4: You’re not an open book. Relationships are all about communication, and if you find yourself struggling to even share what your favorite ice cream flavor is, you may have a problem here.

5: You’re not really into sharing.

One recurring thought you have is “But do I really have to share my food?” Your Netflix password, your favorite drink, your gum.. Whatever it is, you find yourself thinking there’s no way, there’s enough for two and definitely not on a daily basis. Mireya Cano


The Eagle’s Eye


September 2015

Should I Study a Language? T

he answer is oui (that means yes). It’s no surprise that Leyden offers many opportunities for taking a language class, such as Italian, French, or Spanish. As part of the curriculum they also offer language courses at the regular, and honors level, while only few are offered at the AP level. Senior Elizabeth Preciado decided to take Italian because it is the most similar to her first language, Spanish. After taking Italian for the last three years she was able to go to Italy this past summer as part of the Italian exchange program. She commented, “I highly recommend that if you plan on going somewhere you take the language and you learn it, you love it, you live it, everything.” She has moved on to Italian V this year and hopes to return to her Amici Italiani next summer. Meanwhile, she stays in touch with her new friends and host by skyping and chatting, putting her Italian to the test even back in the States. Eli doesn’t regret her decision of taking on another language because “It’s a great addition to my life... I mean, I like learning new languages, and I feel like it’s going to help me later in the future for my career.” Senior Yailin Quiñones was lucky enough to travel to France this past June with the French exchange program after completing her third year of this language. Knowing both English and Spanish, she wanted to take a new language that would Seniors Yailin Quiñones and Angela Gonzalez at The Louvre over the summer. test her skills. Certainly, there are not a lot of people that speak French at East it on the weekends. He is grateful that he took a language Leyden so going to France was certainly the ultimate test. that is so common because he “[uses] it at work because... There are a lot of things to love about the culture: some of the managers don’t actually speak English. I also “Well I enjoy the food, talking to people, I like the accents... speak Spanish with my girlfriend’s grandma sometimes.” Hopefully I [can] go to France again and visit my French Hoping to enroll into a college, he knows having four years exchange student.” Taking a language opened up doors to of a language will come in handy for college applications. Yailin that she never thought were possible, adding “I never After moving on to Spanish V AP he is grateful for taking thought I would ever go to France, and then when I went it a language after seeing how many opportunities open up changed my mind and my view on life. Now I want to travel.” for him as a result of knowing more than two languages. Mati Szelazek, senior, has not been able to put his As these fellow peers retold, taking a language Spanish to use outside of the country, but definitely uses opened up doors for them that they never thought were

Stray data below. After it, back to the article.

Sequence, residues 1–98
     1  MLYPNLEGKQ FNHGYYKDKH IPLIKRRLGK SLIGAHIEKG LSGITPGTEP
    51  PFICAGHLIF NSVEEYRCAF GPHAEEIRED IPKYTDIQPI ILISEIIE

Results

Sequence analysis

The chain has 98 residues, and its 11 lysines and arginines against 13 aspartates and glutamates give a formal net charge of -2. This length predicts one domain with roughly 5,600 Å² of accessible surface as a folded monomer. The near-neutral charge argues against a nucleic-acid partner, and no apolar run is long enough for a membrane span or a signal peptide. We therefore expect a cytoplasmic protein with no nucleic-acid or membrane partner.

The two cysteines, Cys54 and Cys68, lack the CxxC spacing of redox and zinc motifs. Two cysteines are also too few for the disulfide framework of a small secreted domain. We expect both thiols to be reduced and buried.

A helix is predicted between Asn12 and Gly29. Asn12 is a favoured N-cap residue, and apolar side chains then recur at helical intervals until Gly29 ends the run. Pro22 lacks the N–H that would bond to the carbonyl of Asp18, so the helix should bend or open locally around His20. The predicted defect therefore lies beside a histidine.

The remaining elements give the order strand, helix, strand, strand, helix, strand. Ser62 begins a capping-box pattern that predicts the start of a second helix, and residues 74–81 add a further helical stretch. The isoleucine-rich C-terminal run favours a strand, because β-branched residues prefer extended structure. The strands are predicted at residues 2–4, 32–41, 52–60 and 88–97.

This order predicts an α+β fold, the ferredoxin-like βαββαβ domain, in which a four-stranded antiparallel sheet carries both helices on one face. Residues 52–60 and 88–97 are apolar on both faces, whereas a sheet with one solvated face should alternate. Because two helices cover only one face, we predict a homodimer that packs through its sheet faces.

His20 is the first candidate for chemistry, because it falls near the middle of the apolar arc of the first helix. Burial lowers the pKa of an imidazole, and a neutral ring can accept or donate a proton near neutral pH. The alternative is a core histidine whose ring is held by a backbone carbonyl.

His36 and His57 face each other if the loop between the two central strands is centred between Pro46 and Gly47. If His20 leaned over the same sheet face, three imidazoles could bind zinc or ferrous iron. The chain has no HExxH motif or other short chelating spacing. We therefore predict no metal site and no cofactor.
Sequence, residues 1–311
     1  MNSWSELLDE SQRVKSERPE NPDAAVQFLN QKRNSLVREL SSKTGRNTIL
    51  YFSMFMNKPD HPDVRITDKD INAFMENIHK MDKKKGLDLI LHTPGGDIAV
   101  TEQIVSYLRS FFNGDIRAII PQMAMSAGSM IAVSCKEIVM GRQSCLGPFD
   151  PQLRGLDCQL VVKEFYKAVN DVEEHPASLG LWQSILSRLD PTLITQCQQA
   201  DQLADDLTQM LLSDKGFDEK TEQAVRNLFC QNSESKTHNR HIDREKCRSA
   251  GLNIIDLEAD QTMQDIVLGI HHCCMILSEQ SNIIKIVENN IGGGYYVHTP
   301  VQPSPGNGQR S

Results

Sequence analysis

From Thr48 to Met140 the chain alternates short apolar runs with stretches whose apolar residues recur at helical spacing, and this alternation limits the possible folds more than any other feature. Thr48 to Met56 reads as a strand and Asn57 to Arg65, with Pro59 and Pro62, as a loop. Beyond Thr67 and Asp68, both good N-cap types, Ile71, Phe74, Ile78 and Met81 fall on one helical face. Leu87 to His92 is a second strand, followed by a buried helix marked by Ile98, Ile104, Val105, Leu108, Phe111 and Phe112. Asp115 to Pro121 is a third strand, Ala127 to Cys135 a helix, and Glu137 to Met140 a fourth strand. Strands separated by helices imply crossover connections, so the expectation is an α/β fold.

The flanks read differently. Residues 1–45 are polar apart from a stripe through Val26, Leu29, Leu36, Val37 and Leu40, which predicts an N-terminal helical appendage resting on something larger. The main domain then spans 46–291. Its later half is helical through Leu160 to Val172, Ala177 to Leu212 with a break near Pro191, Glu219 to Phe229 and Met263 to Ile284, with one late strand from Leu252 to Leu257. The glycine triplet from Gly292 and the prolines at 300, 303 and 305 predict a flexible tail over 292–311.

Leyden Welcomed at White House


eyden was one of only twenty-two schools nationwide invited to a Maker Ed conference held at the White House this past summer. Superintendent Dr. Nick Polyak and Industrial Technology Department Chair Mr. Frank Holthouse attended to learn and share information about how schools can generate a more creative and interactive classroom experience. The Maker Ed movement encourages educators to create more hands-on environments for students, prizing invention and innovation rather than memorization and regurgitation. To illustrate this type of classroom, Dr. Polyak and Mr. Holthouse brought a student-made project along with them. Freshman Fabian Bartos started out designing and developing 3D models of his middle school as well as the East and West campuses, but Fabian’s dedication and incredible attention to detail prompted Dr. Polyak to ask Fabian if he’d like to create a 3D model of the White House for the Maker Ed conference, which was only a week away. Though time was scarce and some difficulties arose with the design, Fabian persisted. According to Holthouse, Fabian truly embodies the Maker Ed way: “He did something, he didn’t succeed, but he wasn’t like, ‘Okay, I tried. It didn’t work.’ You know? He had some grit and some perseverance. And I think that’s where the making comes in a lot. You get these creative, novel ideas out of not necessarily being successful.” While Leyden’s Industrial Tech classes seem to be shoe-ins for the Maker Movement, there are many ways to implement the “maker way” into any classroom. Dr. Polyak explained, “It’s really about student creativity. It doesn’t have to involve devices or 3D printers and things like that. In an English class or a history class you might be creating